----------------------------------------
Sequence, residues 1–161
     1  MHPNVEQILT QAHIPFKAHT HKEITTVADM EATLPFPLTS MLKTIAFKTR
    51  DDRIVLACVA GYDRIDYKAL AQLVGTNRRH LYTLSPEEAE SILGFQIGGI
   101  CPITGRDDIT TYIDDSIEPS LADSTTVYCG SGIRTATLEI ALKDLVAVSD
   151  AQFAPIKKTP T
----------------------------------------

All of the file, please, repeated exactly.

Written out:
Sequence, residues 1–161
     1  MHPNVEQILT QAHIPFKAHT HKEITTVADM EATLPFPLTS MLKTIAFKTR
    51  DDRIVLACVA GYDRIDYKAL AQLVGTNRRH LYTLSPEEAE SILGFQIGGI
   101  CPITGRDDIT TYIDDSIEPS LADSTTVYCG SGIRTATLEI ALKDLVAVSD
   151  AQFAPIKKTP T